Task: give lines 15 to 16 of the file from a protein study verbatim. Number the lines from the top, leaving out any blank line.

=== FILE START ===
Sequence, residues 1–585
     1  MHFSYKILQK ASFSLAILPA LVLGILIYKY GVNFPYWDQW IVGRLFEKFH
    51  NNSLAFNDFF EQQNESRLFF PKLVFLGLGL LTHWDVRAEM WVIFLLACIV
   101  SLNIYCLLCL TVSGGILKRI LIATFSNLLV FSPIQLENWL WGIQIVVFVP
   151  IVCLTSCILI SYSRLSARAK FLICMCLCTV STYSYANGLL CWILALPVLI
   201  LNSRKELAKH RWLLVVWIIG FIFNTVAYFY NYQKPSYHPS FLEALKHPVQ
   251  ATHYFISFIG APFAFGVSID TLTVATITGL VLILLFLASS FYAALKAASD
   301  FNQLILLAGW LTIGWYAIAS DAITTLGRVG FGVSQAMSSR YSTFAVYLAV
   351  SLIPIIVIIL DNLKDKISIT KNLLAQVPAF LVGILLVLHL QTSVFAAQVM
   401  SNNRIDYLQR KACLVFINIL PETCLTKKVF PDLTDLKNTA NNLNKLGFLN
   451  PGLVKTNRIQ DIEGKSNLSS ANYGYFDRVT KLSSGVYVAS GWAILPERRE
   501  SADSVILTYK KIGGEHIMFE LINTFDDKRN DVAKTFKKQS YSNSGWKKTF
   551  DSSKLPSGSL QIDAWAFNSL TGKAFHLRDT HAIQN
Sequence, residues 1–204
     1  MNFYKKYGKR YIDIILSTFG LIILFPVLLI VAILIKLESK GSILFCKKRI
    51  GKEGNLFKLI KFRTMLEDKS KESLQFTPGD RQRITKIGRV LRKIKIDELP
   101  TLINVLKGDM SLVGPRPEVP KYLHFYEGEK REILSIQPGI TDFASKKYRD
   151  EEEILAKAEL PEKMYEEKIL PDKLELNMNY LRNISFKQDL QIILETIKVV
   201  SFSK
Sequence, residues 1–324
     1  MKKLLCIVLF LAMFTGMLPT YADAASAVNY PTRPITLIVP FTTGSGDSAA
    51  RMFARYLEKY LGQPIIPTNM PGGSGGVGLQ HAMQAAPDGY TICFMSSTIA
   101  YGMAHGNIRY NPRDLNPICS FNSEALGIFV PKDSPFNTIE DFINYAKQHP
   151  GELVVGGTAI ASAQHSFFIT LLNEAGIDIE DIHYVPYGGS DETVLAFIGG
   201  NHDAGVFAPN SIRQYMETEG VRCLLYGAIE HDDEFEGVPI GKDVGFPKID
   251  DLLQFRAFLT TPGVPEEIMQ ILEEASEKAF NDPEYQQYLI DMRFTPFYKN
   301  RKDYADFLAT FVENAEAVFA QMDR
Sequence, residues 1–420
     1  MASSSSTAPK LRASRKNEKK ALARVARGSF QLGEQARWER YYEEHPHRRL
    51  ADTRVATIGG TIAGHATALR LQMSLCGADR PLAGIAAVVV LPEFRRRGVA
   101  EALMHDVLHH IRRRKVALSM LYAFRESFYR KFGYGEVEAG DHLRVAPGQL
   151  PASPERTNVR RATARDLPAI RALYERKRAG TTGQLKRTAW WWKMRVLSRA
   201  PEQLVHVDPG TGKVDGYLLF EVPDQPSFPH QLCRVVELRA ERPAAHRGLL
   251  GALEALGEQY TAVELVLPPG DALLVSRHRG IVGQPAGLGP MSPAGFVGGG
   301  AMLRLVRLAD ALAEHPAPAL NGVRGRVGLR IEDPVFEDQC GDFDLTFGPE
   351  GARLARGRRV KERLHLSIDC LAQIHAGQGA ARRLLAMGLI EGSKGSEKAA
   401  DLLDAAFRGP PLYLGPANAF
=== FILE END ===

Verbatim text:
     1  MNFYKKYGKR YIDIILSTFG LIILFPVLLI VAILIKLESK GSILFCKKRI
    51  GKEGNLFKLI KFRTMLEDKS KESLQFTPGD RQRITKIGRV LRKIKIDELP